At each stage, Caliguire helps church leaders to identify where we might find ourselves, and how to break through when we feel stuck. She describes what someone ministering in each stage might possess in terms of giftedness, the makeup of their character, and what their next steps might be. Caliguire's model is meant to establish a frame for a church ministry, calling people within that ministry to identify where they are on the journey, and to find a place where they are challenged to step forward as they continue to follow Christ. The entire model, being relational, requires not only participants, but leaders.

    As far as model books go, this is a good one. It clearly expresses basic principles and key narratives that lead to the creation of environments that are conducive to formation in Christlikeness. If you're familiar with contemporary writings on Christian spiritual formation, you won't be surprised with new information in this book, but you will be helped by the clarity Caliguire brings to the application of these ideas to the local church. Her emphasis on the relational side of formation, of the essential aspect of community, is a needed balance, considering some spiritual formation literature focuses primarily on individual practices.

    But the book is not without a couple of shortcomings. First, I think there is a great deal of overlap between the ideas of Journeying Together and Following Together, and while I do find Caliguire's shades or degrees of maturity somewhat illuminating, the division here, in my mind, is rather small. Perhaps this is a limitation in myself as the reader, and not in Caliguire's presentation. But if I understand her correctly, the Journeying phase is where our commitment is deepened and our focus is established. During this period, we have set our mind on Christ, and we are determined to pass through any obstacle, even the challenge of the desert, to remain faithful to him. But once we transition to the Following Together stage, our primary goal is to stay the course. We're to remain with it. Everything that was established in the second phase of the model is solidified in the third. We cultivate our inward life, we commit ourselves to God's purpose, and we bind ourselves more fully to our company of Christians. There is a division, perhaps, but it is very fine, and I'm not sure how I'd fully apply these distinctions if I was developing my own model or asking those who I lead to locate themselves within this framework.

    As a second desire, I would've liked one example of how a local church has put the STIR model in to practice. An appendix with a narrative description of a single person's growth, and the relationships that were most helpful, would've created a fuller picture. If there are programs that have been used to foster the kinds of relationships Caliguire describes, I would've enjoyed a description of how those settings made an impact. While Caliguire provides examples of contexts where the stages can be experienced, I would've liked to see those elements compacted in to a single narrative.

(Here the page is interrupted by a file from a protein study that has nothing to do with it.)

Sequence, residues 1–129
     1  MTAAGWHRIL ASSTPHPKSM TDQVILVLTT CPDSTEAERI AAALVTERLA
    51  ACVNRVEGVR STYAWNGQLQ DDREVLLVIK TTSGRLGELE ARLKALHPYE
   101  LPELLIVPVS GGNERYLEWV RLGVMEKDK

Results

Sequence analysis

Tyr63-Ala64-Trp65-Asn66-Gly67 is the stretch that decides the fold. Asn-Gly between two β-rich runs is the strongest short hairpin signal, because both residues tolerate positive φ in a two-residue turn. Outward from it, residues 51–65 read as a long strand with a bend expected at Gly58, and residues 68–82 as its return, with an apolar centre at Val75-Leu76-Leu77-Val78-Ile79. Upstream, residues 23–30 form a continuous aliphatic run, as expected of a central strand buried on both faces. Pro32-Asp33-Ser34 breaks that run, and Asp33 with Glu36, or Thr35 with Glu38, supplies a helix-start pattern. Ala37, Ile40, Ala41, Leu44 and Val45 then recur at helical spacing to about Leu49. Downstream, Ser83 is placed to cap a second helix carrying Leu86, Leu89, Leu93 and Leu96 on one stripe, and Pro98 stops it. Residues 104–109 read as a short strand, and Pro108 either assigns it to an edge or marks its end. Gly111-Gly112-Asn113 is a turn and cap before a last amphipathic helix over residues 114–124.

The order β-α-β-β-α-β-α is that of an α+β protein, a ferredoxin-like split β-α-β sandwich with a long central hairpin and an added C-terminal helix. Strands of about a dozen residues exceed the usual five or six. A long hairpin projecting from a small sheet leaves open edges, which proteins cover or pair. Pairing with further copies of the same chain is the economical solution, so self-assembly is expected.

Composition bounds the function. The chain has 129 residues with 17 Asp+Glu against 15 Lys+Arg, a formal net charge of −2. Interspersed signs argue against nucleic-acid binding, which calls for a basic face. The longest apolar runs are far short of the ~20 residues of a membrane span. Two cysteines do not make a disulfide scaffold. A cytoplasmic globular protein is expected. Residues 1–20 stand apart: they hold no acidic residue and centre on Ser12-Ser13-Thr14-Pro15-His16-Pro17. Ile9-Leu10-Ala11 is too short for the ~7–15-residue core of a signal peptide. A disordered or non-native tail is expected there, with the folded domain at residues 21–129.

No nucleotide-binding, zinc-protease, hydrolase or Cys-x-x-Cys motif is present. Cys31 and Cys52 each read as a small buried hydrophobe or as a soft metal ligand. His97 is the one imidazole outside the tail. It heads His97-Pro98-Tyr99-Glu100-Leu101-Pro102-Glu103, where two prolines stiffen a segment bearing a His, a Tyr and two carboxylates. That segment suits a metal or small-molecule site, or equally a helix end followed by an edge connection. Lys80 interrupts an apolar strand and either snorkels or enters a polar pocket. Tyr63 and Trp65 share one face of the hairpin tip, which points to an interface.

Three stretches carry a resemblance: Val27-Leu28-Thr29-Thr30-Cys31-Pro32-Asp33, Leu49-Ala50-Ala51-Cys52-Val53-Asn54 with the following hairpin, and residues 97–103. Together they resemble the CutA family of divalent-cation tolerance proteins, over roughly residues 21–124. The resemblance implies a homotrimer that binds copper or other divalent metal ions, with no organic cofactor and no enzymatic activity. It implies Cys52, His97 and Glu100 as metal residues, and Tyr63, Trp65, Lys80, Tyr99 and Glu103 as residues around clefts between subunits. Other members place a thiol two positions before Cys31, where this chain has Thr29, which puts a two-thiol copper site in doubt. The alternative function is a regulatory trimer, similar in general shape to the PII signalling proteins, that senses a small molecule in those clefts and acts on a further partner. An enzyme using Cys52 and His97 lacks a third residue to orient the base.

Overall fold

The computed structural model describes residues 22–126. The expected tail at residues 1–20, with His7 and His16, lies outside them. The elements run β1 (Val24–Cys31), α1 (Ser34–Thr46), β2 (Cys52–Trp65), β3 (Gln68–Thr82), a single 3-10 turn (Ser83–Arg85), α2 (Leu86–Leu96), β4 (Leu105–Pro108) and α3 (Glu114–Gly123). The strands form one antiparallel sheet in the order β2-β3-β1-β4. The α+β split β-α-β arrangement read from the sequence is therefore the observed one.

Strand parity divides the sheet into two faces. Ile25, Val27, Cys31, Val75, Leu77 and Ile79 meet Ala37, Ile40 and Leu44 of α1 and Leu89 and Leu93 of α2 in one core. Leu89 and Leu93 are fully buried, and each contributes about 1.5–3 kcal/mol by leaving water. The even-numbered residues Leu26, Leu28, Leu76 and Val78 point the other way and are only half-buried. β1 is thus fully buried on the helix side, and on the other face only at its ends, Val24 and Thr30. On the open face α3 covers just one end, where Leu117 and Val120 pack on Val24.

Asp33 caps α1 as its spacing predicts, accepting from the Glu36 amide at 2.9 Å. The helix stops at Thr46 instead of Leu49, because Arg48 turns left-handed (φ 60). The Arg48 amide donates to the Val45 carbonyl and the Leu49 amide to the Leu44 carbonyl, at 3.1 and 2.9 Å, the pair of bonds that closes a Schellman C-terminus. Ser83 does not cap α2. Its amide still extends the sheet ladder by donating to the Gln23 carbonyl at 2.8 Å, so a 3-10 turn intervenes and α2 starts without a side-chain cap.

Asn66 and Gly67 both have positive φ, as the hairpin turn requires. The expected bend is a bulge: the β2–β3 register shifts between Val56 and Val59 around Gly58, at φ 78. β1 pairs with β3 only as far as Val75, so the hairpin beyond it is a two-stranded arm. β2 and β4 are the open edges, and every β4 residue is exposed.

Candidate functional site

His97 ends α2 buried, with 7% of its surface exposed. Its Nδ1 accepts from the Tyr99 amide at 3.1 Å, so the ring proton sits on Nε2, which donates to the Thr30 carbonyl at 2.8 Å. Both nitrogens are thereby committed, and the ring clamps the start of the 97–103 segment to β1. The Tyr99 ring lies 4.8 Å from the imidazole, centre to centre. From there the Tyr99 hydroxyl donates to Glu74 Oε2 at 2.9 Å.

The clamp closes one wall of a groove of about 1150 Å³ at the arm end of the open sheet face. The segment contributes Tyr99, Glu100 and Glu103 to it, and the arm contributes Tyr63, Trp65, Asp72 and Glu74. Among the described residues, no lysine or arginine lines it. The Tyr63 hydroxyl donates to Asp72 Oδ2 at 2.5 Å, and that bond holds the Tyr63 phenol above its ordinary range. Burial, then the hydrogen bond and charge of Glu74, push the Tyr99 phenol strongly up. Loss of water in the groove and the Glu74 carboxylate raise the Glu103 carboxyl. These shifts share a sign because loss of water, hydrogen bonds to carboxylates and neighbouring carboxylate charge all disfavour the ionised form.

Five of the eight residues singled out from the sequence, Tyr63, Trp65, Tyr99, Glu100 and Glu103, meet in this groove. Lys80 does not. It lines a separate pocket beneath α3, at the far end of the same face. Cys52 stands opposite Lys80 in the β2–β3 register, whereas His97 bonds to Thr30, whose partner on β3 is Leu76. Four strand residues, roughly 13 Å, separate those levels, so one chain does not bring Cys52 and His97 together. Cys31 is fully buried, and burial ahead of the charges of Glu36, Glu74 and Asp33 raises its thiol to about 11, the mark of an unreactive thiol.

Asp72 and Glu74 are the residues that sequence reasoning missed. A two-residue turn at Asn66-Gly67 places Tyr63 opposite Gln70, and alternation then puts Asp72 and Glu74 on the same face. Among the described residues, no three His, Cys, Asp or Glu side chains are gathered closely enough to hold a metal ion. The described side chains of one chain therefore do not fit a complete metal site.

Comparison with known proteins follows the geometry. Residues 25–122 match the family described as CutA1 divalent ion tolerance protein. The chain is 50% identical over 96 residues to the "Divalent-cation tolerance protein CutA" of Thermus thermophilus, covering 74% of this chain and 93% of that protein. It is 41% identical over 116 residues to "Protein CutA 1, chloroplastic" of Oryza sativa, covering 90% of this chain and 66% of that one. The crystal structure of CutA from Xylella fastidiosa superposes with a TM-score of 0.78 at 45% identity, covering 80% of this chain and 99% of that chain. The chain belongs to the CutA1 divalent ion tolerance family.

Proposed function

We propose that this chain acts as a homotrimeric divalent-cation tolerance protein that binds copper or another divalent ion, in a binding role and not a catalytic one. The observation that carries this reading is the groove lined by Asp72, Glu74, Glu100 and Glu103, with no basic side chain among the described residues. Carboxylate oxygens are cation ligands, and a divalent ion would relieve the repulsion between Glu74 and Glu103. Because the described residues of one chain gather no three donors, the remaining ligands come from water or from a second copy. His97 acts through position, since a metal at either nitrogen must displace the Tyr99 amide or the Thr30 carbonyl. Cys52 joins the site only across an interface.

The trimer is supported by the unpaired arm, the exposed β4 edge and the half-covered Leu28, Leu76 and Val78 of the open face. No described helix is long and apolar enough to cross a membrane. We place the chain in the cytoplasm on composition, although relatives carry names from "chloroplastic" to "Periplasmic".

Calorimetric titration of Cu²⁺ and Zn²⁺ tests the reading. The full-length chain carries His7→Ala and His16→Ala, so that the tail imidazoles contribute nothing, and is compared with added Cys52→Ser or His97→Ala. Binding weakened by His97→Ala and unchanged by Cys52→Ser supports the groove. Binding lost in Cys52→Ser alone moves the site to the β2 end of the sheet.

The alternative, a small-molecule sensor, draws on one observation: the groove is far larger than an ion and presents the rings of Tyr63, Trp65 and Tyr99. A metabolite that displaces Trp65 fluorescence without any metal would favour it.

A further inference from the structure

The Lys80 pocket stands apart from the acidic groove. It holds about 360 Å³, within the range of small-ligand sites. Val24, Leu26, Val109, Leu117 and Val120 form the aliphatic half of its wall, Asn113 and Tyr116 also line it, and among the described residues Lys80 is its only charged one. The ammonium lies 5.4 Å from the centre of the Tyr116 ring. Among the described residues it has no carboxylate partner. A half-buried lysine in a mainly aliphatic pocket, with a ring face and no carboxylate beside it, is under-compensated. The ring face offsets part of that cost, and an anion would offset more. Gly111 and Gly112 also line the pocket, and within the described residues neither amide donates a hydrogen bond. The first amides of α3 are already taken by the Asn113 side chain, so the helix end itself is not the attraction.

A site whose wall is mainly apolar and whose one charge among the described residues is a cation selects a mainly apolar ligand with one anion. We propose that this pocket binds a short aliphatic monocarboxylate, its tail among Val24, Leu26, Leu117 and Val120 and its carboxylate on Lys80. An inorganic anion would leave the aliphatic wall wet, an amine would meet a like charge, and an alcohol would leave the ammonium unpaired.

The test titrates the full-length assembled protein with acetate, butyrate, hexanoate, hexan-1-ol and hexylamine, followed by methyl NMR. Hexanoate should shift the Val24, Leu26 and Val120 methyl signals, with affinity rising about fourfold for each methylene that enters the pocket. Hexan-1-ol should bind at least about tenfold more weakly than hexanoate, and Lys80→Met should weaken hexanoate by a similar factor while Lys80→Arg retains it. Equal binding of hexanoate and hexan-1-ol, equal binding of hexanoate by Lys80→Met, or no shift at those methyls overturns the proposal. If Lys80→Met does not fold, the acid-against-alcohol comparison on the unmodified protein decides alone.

But however significant these shortcomings were for me personally, they do not negate the value of the book. If you're a church leader who is seeking to apply principles of Christian spiritual formation to your context, Caliguire is an instructive and clear voice. She gives you much to consider, and forces you to establish a narrative frame within which those you lead can find themselves. She knows and understands that the Christian life is a growth process, and that maturity does not come overnight. I'm thankful that Caliguire helps us to see that there is movement within our own spiritual journeys, and with God's help, there is progress. As church leaders, we are called to show others the way, to help those we pastor and shepherd to discover God's grace, and to fully rely on his power for transformation. Oftentimes, the vehicle through which God brings our greatest challenges is found in the lives of other people--change comes directly through relationships.

    I've already introduced these ideas in my student ministry, and they'll continue to serve as a subcurrent running beneath our efforts. Check it out.

    Thursday
    Feb142013

    Book Review :: Dallas Willard's Hearing God

    Dallas Willard’s Hearing God, Updated and Expanded: Developing a Conversational Relationship with God is the most practical, straightforward, and helpful theological resource on communicating with God I have ever encountered. Communicating with God may very well be the most pressing and least understood aspect of the Christian spiritual life today, and too often, I have worked with people who do not expect to hear from God, or who believe hearing from God is a spiritual experience reserved only for select holy men and women. This is despite the fact they have been invited to enter a “personal relationship with God.”